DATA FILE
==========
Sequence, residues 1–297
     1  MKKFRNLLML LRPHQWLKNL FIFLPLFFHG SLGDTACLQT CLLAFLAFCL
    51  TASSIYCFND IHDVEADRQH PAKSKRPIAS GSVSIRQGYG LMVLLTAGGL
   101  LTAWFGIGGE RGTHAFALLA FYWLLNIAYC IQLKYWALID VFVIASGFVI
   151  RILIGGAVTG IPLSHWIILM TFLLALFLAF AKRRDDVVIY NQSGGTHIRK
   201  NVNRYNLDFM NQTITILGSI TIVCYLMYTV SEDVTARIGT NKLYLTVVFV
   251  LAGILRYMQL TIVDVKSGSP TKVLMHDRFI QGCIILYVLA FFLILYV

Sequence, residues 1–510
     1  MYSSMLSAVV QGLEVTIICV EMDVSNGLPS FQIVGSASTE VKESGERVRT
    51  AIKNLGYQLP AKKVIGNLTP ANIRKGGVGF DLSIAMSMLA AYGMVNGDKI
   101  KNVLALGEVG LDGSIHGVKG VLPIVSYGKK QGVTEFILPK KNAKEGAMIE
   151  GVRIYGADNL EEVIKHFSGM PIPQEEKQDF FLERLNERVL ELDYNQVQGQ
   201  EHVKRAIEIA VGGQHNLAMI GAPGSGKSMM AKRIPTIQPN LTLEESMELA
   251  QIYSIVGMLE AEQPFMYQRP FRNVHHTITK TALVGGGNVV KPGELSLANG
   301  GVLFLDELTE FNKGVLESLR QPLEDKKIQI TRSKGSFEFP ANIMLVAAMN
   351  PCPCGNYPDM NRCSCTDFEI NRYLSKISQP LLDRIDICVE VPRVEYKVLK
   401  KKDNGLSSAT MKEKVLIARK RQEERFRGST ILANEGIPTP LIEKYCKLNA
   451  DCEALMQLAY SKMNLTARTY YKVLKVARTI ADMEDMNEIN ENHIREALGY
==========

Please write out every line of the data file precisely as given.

Sequence, residues 1–297
     1  MKKFRNLLML LRPHQWLKNL FIFLPLFFHG SLGDTACLQT CLLAFLAFCL
    51  TASSIYCFND IHDVEADRQH PAKSKRPIAS GSVSIRQGYG LMVLLTAGGL
   101  LTAWFGIGGE RGTHAFALLA FYWLLNIAYC IQLKYWALID VFVIASGFVI
   151  RILIGGAVTG IPLSHWIILM TFLLALFLAF AKRRDDVVIY NQSGGTHIRK
   201  NVNRYNLDFM NQTITILGSI TIVCYLMYTV SEDVTARIGT NKLYLTVVFV
   251  LAGILRYMQL TIVDVKSGSP TKVLMHDRFI QGCIILYVLA FFLILYV

Sequence, residues 1–510
     1  MYSSMLSAVV QGLEVTIICV EMDVSNGLPS FQIVGSASTE VKESGERVRT
    51  AIKNLGYQLP AKKVIGNLTP ANIRKGGVGF DLSIAMSMLA AYGMVNGDKI
   101  KNVLALGEVG LDGSIHGVKG VLPIVSYGKK QGVTEFILPK KNAKEGAMIE
   151  GVRIYGADNL EEVIKHFSGM PIPQEEKQDF FLERLNERVL ELDYNQVQGQ
   201  EHVKRAIEIA VGGQHNLAMI GAPGSGKSMM AKRIPTIQPN LTLEESMELA
   251  QIYSIVGMLE AEQPFMYQRP FRNVHHTITK TALVGGGNVV KPGELSLANG
   301  GVLFLDELTE FNKGVLESLR QPLEDKKIQI TRSKGSFEFP ANIMLVAAMN
   351  PCPCGNYPDM NRCSCTDFEI NRYLSKISQP LLDRIDICVE VPRVEYKVLK
   401  KKDNGLSSAT MKEKVLIARK RQEERFRGST ILANEGIPTP LIEKYCKLNA
   451  DCEALMQLAY SKMNLTARTY YKVLKVARTI ADMEDMNEIN ENHIREALGY